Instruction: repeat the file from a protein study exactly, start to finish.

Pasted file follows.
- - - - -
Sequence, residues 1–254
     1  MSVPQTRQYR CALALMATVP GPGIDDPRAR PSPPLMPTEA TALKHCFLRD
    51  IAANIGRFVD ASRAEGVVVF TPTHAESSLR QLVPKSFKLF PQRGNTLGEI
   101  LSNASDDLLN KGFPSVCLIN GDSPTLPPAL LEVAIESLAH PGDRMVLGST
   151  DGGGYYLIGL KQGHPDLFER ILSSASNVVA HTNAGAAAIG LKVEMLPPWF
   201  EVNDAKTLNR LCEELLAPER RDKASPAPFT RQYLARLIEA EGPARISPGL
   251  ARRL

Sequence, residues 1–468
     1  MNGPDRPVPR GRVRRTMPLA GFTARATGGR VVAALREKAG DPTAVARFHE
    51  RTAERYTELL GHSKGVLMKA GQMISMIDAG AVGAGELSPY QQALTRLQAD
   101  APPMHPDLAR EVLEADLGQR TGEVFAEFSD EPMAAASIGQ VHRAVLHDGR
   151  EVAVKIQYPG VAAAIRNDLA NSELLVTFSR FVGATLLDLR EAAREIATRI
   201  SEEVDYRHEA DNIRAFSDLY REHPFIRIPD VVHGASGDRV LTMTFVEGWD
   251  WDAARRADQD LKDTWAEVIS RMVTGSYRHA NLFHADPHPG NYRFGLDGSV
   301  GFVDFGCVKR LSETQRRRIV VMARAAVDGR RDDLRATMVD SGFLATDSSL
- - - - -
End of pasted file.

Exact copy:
Sequence, residues 1–254
     1  MSVPQTRQYR CALALMATVP GPGIDDPRAR PSPPLMPTEA TALKHCFLRD
    51  IAANIGRFVD ASRAEGVVVF TPTHAESSLR QLVPKSFKLF PQRGNTLGEI
   101  LSNASDDLLN KGFPSVCLIN GDSPTLPPAL LEVAIESLAH PGDRMVLGST
   151  DGGGYYLIGL KQGHPDLFER ILSSASNVVA HTNAGAAAIG LKVEMLPPWF
   201  EVNDAKTLNR LCEELLAPER RDKASPAPFT RQYLARLIEA EGPARISPGL
   251  ARRL

Sequence, residues 1–468
     1  MNGPDRPVPR GRVRRTMPLA GFTARATGGR VVAALREKAG DPTAVARFHE
    51  RTAERYTELL GHSKGVLMKA GQMISMIDAG AVGAGELSPY QQALTRLQAD
   101  APPMHPDLAR EVLEADLGQR TGEVFAEFSD EPMAAASIGQ VHRAVLHDGR
   151  EVAVKIQYPG VAAAIRNDLA NSELLVTFSR FVGATLLDLR EAAREIATRI
   201  SEEVDYRHEA DNIRAFSDLY REHPFIRIPD VVHGASGDRV LTMTFVEGWD
   251  WDAARRADQD LKDTWAEVIS RMVTGSYRHA NLFHADPHPG NYRFGLDGSV
   301  GFVDFGCVKR LSETQRRRIV VMARAAVDGR RDDLRATMVD SGFLATDSSL